“I knew what football was because my dad was so into the game, and I had a football at home,” Nadim recalls. After the Taliban took over power in 1996, women had to stay at home and could not play any sports. But Nadim played in the courtyard with her sisters and father.

But it was in Denmark that football made a real impression.

“I saw the girls' team play football, and I was like, Oh, that's how that's supposed to be,” she says. “That's where I fell in love with the game.”Nadia Nadim (center, number 9) and her team members of the Danish national team | Photo: DBU

Foobal a way into the country

Although Nadim was at an asylum center, and she was only 11 years old, she felt she could prosper.

“Suddenly there was no war, and you had a safe place to sleep and you could be a kid,” she says. “It was amazing that it was so normal, that everyone was just having fun. I felt that the game brought so much joy to all the players and I wanted to be a part of that.”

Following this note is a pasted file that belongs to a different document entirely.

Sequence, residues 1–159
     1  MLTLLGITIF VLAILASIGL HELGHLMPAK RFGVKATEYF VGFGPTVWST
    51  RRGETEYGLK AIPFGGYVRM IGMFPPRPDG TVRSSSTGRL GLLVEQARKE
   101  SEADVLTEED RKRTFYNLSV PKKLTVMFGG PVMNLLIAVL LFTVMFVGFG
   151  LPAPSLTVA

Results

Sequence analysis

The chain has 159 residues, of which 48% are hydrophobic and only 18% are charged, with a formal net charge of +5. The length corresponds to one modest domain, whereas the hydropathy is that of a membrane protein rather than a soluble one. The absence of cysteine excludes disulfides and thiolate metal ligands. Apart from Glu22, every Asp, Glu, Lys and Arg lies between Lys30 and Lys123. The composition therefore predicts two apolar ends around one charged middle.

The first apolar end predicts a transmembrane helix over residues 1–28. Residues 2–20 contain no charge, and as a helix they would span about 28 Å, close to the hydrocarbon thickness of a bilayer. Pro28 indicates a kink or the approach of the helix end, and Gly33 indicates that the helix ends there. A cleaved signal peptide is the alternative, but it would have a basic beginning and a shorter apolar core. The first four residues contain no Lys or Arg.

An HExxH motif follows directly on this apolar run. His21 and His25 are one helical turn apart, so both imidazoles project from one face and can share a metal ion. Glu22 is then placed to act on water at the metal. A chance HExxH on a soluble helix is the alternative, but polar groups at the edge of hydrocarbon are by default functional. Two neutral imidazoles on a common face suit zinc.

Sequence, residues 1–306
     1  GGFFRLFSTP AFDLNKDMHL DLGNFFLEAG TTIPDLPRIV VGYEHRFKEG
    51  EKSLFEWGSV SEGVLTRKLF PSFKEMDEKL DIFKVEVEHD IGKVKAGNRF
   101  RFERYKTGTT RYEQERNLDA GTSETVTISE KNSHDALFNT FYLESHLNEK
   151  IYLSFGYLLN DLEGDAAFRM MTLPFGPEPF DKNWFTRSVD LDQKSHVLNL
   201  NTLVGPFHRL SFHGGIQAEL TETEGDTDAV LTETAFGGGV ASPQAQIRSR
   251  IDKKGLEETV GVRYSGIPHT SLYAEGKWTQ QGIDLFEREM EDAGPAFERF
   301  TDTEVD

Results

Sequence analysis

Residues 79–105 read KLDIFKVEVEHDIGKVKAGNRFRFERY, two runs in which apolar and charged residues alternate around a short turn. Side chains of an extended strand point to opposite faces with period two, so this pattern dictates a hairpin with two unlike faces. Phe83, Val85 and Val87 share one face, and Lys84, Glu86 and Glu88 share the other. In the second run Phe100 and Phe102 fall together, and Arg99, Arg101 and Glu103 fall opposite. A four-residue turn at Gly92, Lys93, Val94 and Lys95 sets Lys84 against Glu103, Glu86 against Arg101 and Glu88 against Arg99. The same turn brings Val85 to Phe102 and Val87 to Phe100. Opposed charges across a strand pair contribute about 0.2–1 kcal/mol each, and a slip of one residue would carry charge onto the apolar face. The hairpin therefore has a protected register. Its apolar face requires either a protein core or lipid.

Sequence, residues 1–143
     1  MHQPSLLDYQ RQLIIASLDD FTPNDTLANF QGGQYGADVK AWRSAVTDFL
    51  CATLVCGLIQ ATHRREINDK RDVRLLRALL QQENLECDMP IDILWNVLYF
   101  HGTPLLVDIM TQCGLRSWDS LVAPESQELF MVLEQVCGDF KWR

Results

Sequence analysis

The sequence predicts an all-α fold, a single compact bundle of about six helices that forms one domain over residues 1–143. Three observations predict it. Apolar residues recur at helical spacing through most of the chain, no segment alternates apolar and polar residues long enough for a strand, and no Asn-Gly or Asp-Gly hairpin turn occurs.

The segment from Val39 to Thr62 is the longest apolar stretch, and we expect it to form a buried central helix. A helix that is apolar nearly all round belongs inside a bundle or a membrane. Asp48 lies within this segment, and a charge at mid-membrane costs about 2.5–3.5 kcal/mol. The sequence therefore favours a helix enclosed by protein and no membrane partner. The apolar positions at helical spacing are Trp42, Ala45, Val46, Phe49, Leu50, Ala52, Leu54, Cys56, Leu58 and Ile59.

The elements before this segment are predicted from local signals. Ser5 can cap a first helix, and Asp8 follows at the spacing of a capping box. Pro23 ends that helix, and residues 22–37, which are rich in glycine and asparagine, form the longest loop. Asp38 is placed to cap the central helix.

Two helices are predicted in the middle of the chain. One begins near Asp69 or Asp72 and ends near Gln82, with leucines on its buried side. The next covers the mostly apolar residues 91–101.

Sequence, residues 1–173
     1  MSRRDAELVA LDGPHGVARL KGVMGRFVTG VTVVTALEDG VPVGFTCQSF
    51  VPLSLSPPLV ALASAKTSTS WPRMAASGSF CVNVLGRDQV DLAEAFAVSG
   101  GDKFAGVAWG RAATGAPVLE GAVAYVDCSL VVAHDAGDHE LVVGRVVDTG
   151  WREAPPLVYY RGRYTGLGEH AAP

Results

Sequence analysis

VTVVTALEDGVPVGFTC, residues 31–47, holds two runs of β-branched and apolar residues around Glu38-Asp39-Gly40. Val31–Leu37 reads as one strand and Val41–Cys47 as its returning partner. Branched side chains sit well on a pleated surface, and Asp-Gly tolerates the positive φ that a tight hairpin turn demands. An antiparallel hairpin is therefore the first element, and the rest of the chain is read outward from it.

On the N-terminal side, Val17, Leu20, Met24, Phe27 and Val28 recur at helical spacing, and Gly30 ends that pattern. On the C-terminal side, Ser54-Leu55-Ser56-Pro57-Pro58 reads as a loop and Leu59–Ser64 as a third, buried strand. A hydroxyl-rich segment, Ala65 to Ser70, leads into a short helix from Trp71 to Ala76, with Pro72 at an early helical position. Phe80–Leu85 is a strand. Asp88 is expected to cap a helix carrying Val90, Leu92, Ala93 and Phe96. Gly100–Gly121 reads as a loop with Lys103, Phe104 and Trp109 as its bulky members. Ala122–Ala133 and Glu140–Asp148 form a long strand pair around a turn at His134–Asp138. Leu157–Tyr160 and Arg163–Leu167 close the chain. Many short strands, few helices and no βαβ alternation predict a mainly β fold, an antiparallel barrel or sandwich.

Football gave her a way into the country, even though the transition was not easy. She started playing for B52 Aalborg, and her talent became evident.

Although she was granted Danish citizenship in 2008, she could not join the senior national team immediately. Denmark had to plead for an exception to the rule which stated a player had to have lived in a country for five years before they were eligible to play for its first team -- Nadim could only apply for citizenship when she turned 18 in 2006, even though she had called Denmark home since 2000.

Denmark’s request was granted and Nadim became the first foreign-born player of either gender to play in the Danish national team in 2009.

“I’m lucky that I got a second chance,” says Nadim, adding that she doesn’t think she would have survived if she and her family had stayed behind in Afghanistan.Nadia Nadim | Photo: Claudia Jardim

Career takes off

After a stellar career in Denmark, she played in the United States, where she helped her team Portland Thorns FC secure the NWSL Shield -- the top award given to the best team in the National Women’s Soccer League (NWSL). She was then signed on by Manchester City, and -- most recently -- by Paris Saint Germain, where she is currently playing.